Voters might find themselves Googling his name, or they may recognize him from a recent viral video of a blistering Senate floor speech against colleague Ted Cruz.
Colorado’s Senator Michael Bennet dropped into Iowa this past weekend to meet with and listen to Iowa voters as he considers joining a crowded Democratic field. Stopping at house parties in Waukee, Johnston and Winterset, Startling Line estimates Bennet had face time with over 200 Iowans across those three events.
The former superintendent of Denver’s public schools, Bennet got frequent questions on education at his Waukee stop. The father of three daughters, part of Bennet’s motivation for considering a run, he says, is to fight leaving behind less opportunity for their generation than what was available to his.
“We need to understand what our parents and grandparents did for us, and we need to do the same thing for our kids and their kids coming after us,” Bennet said. “That includes having a political system that is actually functional.”
Major parts of what Bennet sees as that functional political system is changing the role money plays, namely Citizens United.
Shane Nelson, a union member from Madison County, asked Bennet about his view of overturning the Supreme Court decision.
“We’re going to have to make this a voting issue on behalf of the American people, in order to change it,” Bennet said. “I used to say that reading the majority opinion of Citizens United was like reading a seventh grader’s American government paper, and then I decided that was insulting to seventh graders. It’s a mess.”
Nelson, who supported Bernie Sanders in the 2016 primary and is supporting him again in this primary, said he appreciated Bennet’s answer on money in politics, but hopes to see more emphasis from candidates on the topic.
“He had a sensible answer. His answer to the money in politics answer was definitely a good one, but can you drive that conversation,” Nelson said. “That’s what it would take to get me to vote for any candidate, congressional or senate or presidency, because it’s great for just the president to get there, but it won’t do any good.”
Bennet addressed just that when talking about another issue near to his heart: climate change.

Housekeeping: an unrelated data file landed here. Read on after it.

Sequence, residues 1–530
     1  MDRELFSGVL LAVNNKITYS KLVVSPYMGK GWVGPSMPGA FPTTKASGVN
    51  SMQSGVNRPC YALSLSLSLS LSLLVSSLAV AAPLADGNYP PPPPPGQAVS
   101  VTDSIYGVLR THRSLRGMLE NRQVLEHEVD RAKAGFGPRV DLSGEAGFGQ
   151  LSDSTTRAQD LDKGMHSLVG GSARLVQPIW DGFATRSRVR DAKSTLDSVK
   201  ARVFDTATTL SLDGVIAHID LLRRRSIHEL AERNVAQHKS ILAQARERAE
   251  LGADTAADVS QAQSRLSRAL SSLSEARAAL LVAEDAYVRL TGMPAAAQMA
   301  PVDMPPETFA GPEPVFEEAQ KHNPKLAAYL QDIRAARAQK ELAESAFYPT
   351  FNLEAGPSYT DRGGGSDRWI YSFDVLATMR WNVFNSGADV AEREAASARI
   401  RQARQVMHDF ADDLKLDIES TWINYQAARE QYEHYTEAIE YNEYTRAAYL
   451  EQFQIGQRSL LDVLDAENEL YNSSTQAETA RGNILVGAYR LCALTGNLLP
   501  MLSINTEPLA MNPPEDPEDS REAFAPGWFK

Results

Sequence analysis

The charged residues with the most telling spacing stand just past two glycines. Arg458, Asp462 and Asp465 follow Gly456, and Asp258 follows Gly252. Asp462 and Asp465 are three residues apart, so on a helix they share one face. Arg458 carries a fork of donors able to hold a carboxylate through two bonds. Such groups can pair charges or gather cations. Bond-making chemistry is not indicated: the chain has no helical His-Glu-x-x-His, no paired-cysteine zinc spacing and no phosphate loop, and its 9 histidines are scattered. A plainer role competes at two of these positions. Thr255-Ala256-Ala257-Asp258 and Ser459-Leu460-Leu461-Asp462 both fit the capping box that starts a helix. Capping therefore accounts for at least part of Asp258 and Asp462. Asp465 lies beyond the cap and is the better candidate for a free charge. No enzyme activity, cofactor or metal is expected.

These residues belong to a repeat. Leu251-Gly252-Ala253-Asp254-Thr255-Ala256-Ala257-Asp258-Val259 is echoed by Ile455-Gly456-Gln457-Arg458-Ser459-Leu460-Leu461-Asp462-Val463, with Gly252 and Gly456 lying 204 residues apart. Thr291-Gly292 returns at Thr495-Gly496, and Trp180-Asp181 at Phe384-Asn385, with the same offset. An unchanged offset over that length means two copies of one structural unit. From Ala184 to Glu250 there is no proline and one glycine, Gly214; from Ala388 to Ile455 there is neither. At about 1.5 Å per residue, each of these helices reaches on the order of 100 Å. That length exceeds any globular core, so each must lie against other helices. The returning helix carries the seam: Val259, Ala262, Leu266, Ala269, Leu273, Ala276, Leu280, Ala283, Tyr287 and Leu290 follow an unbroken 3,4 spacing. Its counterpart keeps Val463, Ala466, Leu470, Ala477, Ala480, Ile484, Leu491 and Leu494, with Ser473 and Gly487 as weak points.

“Climate cannot be fixed two years at a time,” Bennet said, arguing that current campaign finance laws will always find a way to undermine environmental action. “We’re going to create a durable solution and an imaginative solution. That’s going to require us to get to a place where we’re not putting in some rules one congressional term just to have them rip them out the next congressional term.”
However, Bennet declined to favor or oppose the Green New Deal, a increasingly popular policy for 2020 Democratic candidates.
“I’m not going to pass judgement one way or another on the Green New Deal … but I’m all for people expressing themselves on climate, whatever way they want to express themselves on climate,” Bennet said. “I’m deeply worried about it.”
Lori Ryner of Winterset, who describes herself as a “left-leaning centrist,” and says she at times has some “old school Republican blood” in her, says she approved of Bennet’s beliefs.
“I think he described every problem correctly. I’m a pragmatist,” Ryner said. “So far of the existing candidates, I’d be behind Amy Klobuchar or Michael Bennet. I don’t want everything free for everyone all the time, I don’t like the belief in it and I don’t like the saying it to get votes. I think we need to be really grounded and have to have someone who is good at restoration.”
Bennet brought up a recent MSNBC on-screen graphic where the station classified him to the right of other major candidates, a premise that he rejected, describing himself proudly as a “pragmatic idealist,” something voters like Ryner might latch on to. With so many candidates already having announced they’re running, the centrist, middle-of-the-road position could make candidates like Bennet distinguished from the larger scene of more progressive policy proposals.
“I don’t think there’s any getting out of the fact that we’re going to have a ton of candidates,” Bennet said. “And I think that’s okay, this is more wide open than it’s ever been before and this crucible of running is going to determine who’s going to win. I think for better or worse, that’s our system, and you’re lucky in Iowa to be able to play an outsized role in all of that.”
Bennet framed this primary as a need to aim higher than just beating the current occupant of the White House, repeating a 2020 trope of saying Trump is a symptom, not the cause, of America’s problems.
“For me, this is not a campaign just about beating Donald Trump. He’s a reactionary president that we need to move beyond,” Bennet said.
At his house party in Waukee, Tom and Christie Vilsack both helped organize the event and introduced Bennet. The Colorado senator served on the Agriculture Committee while Vilsack was the USDA secretary.
If Bennet were to run, he wouldn’t be the only Coloradan in the running. Former Colorado Governor John Hickenlooper has an exploratory committee and several Iowa stops to his name.
One interesting observation: Colorado was the first state to legalize recreational weed, but neither Hickenlooper nor Bennet have mentioned marijuana legalization unless prompted by voter questions. However, Senators Kamala Harris and Amy Klobuchar have both advocated for legalizing the drug in recent weeks on the campaign trail in their bids for the nomination.
by Jake Bullington
Photos by Pat Rynard and Jake Bullington